I have been doing a japanese cd since Feb. Man so much work to stay focused on a style! Thank God for Anime like Mononke series. (Fantastic style art work)

    Anywayz first things first^_- you have cd right ok time to take that cd and market it like hell! PR that baby!
    use it to your advantage. You know what's the hottest thing for music now no it's not films and it's not tv placement either (though comercials make bling bling) it's Games! Games are out of control now they want hollywood style budgets they want tons of creative efforts. Think about that route.
    (it just keeps getting bigger!)

    Let's go back to your demo or demos. Contact one of your agents asking what is available then make some demos (should take about couple days to a week for some demos) of those styles and send them to them. Contact them make sure they get them find out who listened to them.

    Get the energy going man^_^

    if you want to go the film route then find some indy films some students films, some short films man there is just to much!

    Talk to the producer of the project about the music then send them a demo to get on board^_-

    The bottem line is waiting is a joke man don't wait don't waste your time make things happen.

    The web is at your finger tips your have access to any forum for films games, short films, more indy stuff, cg projects, everything needs music!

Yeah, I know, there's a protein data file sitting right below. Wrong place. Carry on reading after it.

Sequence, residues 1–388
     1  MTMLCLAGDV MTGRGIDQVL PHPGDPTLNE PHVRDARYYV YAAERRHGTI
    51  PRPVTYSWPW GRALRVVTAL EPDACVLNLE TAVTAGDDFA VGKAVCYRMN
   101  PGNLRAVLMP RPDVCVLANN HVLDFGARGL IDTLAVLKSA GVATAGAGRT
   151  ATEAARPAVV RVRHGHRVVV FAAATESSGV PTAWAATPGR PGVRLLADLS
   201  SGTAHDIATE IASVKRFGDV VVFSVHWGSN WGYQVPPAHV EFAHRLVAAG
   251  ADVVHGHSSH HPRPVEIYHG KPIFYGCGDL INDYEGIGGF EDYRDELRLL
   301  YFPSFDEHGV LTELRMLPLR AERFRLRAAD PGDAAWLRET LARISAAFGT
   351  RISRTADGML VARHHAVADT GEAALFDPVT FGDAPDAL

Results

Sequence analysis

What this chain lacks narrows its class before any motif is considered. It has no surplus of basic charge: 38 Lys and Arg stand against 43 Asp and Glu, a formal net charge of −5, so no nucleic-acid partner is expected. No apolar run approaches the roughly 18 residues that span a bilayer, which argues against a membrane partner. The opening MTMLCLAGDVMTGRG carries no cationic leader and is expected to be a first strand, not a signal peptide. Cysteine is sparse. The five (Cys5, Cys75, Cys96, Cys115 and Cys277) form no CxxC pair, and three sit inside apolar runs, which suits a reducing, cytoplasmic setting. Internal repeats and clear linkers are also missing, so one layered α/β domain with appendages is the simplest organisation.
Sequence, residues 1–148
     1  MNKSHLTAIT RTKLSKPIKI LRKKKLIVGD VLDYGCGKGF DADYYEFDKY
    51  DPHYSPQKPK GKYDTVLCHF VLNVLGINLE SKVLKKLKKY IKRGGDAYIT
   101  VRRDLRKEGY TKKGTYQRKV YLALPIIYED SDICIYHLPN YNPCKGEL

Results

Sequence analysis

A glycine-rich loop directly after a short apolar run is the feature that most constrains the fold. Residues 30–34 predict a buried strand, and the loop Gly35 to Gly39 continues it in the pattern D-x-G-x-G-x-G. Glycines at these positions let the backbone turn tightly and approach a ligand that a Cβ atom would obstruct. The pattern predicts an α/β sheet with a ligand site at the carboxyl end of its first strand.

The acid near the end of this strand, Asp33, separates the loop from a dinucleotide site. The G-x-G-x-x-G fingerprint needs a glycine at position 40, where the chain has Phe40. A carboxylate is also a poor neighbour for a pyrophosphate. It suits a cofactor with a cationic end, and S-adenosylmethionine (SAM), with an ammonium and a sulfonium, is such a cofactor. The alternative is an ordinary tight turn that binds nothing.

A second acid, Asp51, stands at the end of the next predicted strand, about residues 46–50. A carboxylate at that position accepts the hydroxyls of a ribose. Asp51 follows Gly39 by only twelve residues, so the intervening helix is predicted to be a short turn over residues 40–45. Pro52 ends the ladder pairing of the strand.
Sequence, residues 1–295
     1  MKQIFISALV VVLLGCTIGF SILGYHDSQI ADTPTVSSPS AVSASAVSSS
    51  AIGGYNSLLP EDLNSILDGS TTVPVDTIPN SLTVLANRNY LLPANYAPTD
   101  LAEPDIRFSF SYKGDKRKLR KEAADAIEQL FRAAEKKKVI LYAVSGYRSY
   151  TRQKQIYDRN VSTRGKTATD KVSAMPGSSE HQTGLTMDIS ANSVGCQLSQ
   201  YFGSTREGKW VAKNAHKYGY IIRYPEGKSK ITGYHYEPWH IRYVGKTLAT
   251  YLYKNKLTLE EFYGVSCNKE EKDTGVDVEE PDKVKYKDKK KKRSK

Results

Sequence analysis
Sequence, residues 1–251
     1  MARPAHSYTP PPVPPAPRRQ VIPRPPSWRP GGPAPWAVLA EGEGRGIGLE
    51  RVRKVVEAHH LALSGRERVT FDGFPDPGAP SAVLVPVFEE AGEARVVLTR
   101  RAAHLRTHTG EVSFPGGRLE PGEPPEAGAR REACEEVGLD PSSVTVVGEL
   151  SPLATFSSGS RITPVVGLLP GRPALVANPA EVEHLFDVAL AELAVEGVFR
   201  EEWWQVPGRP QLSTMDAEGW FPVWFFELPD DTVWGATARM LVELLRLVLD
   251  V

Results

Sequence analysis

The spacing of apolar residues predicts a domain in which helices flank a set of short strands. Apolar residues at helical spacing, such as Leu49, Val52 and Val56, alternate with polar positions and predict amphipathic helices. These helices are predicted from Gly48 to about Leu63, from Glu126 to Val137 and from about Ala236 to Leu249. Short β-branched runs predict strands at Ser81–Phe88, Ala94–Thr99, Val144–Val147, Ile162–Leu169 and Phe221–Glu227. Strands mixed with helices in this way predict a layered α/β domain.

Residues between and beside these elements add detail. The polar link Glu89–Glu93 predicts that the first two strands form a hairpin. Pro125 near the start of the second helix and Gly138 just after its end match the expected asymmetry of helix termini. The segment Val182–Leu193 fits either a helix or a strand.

Remember that!
    StrangeCat
    All I can Say is...HA!...HA!...HAAAAAAA!!!!!

  5. #5

    Re: Crunch time: any sudgestions

    Hi Strangecat,

    I am not sure I have the abilty on the film side though I have been concentrating on TV ads and have given no thoughts to much else to be honest, I did think about computer games, but have no foot in the door or any contacts.

    Composer's agents will not take me on as I have no track record.

    I am sure something will present itself.

    Simon
    www.sounds-and-images.co.uk

    And now also at Flickr!

    http://flickr.com/photos/sounds-and-images/

    www.myspace.com/simonfielder

    NorthernSounds.NET.
    View Simon Fielder's Profile at NorthernSounds.net

  6. #6
    Senior Member
    Join Date
    Nov 2004
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    689

    Re: Crunch time: any sudgestions

    dude what kind of attitude is that LOL! Ok go for commercials then.

    Medium for music doesn't mean anything. There isn't this secret way of doing something for one medium. Let's take an example.

    you get a thing from the director you sketch out some theme on the piano computer whatever for this thing, you then take that theme and use it through out the production.(different arrangements creating different moods for the production) because the director liked the sound of it.

    comes down to be able to communicate with the person in charge of the production being able to create multiple styles of music and delivering on all fronts.

    anywayz what is it you want to do with music?

    you want tv join Taxi.com try not to laugh your ~~~ off when you see there youtube video but that's pretty much how it's done.
    All I can Say is...HA!...HA!...HAAAAAAA!!!!!

  7. #7

    Re: Crunch time: any sudgestions

    Hi Strangecat,

    I would like to become a little more successful LOL.. I did start contacting games companies , but everything drew a blank.

    Do you have any ideas where to start looking?

    The thought of going back into office dullness, bores and scares me.

    Thanks for your encouragement!

    Simon
    www.sounds-and-images.co.uk

    And now also at Flickr!